PS: I wish I had time to write a billet about French characters in foreign books. Foreign authors keep puzzling me that way. Here we have a guy named Luc who comes from Besançon. How did Jones even think of this town? Because it’s where Victor Hugo was born? Luc lives in London and is a translator of Russian to French. I know that there are more French people in London than in Lyon (before Brexit, that is) but I wonder why she chose a French companion for Catherine.

PPS: I also wish I had time to write a billet about typos on French words and expressions in books written in English because there are too many of them. And with all the resources available on the internet, it would be nice not to see them anymore.

  1. November 17, 2019 at 1:01 pm

    Five Bells is a famous Australian poem, by Kenneth Slessor. Not that I’ve ever read it. But it would not be possible to re-use the name without referencing the poem. I haven’t read the book either and I probably should though I get sick of Sydney Harbour standing in for the whole of Australia (a bit like the Eiffel Tower appearing in every movie about France).

    I look forward to your post about the mistakes English speakers make in representing France and the French. Something we Australians endure too (English and US actors doing Australian voices!)

    Liked by 1 person

    • November 17, 2019 at 1:08 pm

      I totally missed the poem reference, of course. It’s good, in a sense. It means that the book stands for itself, without famous crutches to hold it up.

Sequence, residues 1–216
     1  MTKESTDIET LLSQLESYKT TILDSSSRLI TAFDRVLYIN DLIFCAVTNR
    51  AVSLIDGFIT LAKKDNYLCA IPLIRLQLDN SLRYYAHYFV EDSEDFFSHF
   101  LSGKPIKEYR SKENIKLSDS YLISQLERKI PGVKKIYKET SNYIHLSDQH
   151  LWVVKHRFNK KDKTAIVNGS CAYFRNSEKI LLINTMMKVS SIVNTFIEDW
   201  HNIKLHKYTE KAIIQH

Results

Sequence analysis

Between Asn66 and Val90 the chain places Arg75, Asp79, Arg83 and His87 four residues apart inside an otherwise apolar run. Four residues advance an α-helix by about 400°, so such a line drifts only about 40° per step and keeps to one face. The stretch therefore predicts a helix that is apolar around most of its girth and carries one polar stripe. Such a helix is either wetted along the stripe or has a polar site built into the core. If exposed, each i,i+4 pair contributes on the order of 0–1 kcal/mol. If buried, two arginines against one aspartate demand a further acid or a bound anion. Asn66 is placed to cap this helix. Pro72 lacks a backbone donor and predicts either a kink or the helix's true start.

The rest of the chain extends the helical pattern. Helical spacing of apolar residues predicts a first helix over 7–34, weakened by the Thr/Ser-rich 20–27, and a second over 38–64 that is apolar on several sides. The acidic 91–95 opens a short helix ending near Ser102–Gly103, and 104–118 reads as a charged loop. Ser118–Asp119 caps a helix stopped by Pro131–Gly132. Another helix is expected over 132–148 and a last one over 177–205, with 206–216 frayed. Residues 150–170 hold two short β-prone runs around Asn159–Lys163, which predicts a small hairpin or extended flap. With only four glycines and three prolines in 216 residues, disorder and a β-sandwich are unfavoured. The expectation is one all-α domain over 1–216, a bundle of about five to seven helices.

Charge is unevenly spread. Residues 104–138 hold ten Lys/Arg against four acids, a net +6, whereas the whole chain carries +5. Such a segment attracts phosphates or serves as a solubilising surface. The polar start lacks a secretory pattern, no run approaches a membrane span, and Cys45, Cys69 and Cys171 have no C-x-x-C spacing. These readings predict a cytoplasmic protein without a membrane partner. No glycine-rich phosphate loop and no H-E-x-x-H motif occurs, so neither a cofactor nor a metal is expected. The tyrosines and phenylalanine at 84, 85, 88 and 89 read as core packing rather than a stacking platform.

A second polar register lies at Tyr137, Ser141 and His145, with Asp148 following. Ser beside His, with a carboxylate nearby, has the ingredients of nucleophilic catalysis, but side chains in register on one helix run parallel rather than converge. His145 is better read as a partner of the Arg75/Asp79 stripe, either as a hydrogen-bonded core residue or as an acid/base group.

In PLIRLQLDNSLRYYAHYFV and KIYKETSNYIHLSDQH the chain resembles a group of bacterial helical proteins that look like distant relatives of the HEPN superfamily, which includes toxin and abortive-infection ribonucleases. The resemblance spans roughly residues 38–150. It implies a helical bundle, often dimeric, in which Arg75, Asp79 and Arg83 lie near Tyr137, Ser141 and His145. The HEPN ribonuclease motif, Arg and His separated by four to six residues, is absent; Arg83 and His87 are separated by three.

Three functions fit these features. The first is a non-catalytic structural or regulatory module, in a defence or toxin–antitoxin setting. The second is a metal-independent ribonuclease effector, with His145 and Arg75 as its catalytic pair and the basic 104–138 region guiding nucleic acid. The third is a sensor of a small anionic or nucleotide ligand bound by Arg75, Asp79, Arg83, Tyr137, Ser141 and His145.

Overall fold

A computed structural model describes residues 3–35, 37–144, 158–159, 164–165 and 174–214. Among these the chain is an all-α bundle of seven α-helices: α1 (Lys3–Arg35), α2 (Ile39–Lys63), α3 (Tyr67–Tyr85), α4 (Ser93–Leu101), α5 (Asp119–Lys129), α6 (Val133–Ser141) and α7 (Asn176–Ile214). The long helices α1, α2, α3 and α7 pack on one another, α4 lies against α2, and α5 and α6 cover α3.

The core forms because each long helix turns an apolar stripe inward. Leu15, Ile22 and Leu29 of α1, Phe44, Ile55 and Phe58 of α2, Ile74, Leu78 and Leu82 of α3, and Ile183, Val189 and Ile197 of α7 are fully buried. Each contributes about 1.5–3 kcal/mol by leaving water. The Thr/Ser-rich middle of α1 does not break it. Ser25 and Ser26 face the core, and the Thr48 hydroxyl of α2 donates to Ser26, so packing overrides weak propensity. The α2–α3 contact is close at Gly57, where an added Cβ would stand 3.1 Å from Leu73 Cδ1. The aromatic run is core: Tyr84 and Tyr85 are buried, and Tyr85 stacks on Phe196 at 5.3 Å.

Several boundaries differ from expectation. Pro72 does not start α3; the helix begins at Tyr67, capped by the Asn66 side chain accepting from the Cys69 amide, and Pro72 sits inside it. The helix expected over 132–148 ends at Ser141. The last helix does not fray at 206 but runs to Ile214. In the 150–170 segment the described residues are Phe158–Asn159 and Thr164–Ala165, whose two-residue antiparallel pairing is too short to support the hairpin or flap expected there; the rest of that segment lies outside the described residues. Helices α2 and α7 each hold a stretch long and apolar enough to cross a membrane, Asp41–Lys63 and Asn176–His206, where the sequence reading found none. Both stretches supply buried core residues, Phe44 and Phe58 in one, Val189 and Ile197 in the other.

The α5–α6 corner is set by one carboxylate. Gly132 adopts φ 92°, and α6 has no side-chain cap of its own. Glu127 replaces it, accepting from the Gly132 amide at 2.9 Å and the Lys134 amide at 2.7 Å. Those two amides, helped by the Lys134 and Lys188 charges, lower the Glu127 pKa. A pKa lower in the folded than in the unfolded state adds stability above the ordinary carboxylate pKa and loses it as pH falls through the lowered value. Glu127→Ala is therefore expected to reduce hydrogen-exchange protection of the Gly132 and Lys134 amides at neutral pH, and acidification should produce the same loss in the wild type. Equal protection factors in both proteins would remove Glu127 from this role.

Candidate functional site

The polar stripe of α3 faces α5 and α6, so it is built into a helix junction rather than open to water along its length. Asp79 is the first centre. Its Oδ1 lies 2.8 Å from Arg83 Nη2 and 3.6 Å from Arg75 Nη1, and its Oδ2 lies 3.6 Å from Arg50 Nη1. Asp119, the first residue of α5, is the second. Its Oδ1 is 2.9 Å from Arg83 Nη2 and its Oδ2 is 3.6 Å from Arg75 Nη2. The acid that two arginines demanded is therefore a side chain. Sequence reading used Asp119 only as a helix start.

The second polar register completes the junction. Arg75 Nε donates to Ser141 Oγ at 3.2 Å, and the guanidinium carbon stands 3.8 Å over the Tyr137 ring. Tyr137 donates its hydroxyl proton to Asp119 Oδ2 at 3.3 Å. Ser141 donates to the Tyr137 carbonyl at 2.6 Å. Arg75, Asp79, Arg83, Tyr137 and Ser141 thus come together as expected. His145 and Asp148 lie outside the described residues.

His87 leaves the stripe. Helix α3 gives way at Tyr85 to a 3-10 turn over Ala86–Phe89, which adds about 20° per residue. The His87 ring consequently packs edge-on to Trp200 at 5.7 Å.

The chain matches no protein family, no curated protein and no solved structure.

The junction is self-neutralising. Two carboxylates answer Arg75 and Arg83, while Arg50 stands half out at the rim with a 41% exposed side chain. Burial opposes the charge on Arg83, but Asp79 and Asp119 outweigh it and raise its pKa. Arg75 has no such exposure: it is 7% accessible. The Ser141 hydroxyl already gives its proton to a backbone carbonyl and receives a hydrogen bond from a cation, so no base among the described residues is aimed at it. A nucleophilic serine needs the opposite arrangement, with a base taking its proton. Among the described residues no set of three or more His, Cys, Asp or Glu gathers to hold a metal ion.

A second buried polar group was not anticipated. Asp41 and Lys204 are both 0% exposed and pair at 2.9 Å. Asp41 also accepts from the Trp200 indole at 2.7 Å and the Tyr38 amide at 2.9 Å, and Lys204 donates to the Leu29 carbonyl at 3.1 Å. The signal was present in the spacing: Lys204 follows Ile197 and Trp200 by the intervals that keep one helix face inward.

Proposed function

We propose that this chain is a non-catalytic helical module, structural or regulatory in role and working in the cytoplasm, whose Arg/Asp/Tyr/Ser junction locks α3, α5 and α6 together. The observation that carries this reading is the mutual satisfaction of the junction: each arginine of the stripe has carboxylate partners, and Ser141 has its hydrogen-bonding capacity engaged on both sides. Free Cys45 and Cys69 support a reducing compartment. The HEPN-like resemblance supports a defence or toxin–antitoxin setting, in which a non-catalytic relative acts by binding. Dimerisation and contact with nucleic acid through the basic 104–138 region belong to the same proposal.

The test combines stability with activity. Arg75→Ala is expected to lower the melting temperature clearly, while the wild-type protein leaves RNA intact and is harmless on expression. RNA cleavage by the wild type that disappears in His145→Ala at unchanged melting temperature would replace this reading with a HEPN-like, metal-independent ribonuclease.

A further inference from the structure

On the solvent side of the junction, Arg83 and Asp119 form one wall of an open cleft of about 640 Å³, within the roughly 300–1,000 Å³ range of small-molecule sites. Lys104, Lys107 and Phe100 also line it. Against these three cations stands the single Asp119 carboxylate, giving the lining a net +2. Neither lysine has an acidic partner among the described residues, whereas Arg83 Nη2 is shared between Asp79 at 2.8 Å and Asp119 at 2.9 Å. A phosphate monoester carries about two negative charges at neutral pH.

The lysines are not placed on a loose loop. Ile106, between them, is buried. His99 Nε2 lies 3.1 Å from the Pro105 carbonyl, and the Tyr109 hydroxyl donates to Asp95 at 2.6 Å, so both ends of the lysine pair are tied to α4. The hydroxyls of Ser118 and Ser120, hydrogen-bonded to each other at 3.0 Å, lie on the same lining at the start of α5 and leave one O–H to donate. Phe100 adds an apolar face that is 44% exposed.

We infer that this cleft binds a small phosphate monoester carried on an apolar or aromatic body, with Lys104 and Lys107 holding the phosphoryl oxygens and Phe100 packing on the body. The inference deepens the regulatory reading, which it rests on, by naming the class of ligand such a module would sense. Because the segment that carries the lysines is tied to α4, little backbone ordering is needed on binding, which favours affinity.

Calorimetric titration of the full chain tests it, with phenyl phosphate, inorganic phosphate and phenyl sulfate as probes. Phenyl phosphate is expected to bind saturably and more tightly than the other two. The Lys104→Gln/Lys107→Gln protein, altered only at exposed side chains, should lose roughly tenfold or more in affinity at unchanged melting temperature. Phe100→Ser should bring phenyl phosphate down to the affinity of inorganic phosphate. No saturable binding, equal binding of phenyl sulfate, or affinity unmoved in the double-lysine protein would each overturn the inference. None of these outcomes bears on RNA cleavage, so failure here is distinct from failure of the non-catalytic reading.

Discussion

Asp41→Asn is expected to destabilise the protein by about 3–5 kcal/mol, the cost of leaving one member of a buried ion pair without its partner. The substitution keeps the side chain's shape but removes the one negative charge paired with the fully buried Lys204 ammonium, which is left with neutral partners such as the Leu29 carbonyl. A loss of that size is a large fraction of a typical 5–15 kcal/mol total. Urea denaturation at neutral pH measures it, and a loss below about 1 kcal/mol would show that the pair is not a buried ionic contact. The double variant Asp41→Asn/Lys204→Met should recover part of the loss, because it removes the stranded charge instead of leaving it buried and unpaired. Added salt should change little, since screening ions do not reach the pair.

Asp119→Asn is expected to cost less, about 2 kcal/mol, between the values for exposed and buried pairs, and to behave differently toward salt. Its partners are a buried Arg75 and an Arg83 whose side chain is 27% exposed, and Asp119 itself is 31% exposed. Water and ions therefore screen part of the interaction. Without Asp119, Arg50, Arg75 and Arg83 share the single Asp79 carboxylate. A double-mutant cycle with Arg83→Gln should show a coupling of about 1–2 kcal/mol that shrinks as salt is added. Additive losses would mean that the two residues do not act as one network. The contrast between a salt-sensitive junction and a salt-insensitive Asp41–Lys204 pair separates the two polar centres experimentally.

I’m not sick of Paris in foreign books or films, I’m sick of quaint Provence in foreign books. 🙄
      I tend to avoid books set in France and written by foreigners, especially if I smell clichés coming up.

      I don’t think I have time now to write about that but l’ll start taking notes.

      Australian voices are dubbed by English and American actors?!! I didn’t know that. We don’t do that for Québécois. (they put subtitles if needed)

      Liked by 1 person

      • November 23, 2019 at 12:15 am

        I suspect that the infamous example that Bill is referring to, is Meryl Streep playing an Australian in the 1988 movie Evil Angels about the events surrounding the dingo stealing baby at Uluru. Her accent was laughable at best, deplorable in every other scene. But, many other actors have tried (& failed) too.

        Like

  2. November 18, 2019 at 7:05 pm

    I like the sound of this, the way you describe her style is very appealing.

    I didn’t know there were more French people in London than in Lyon! I live in London and I used to work in an area with a large French population – I could walk the 10 minutes from the tube to my workplace and only hear French spoken the whole time – it saddens me so much to think that Brexit could change all that.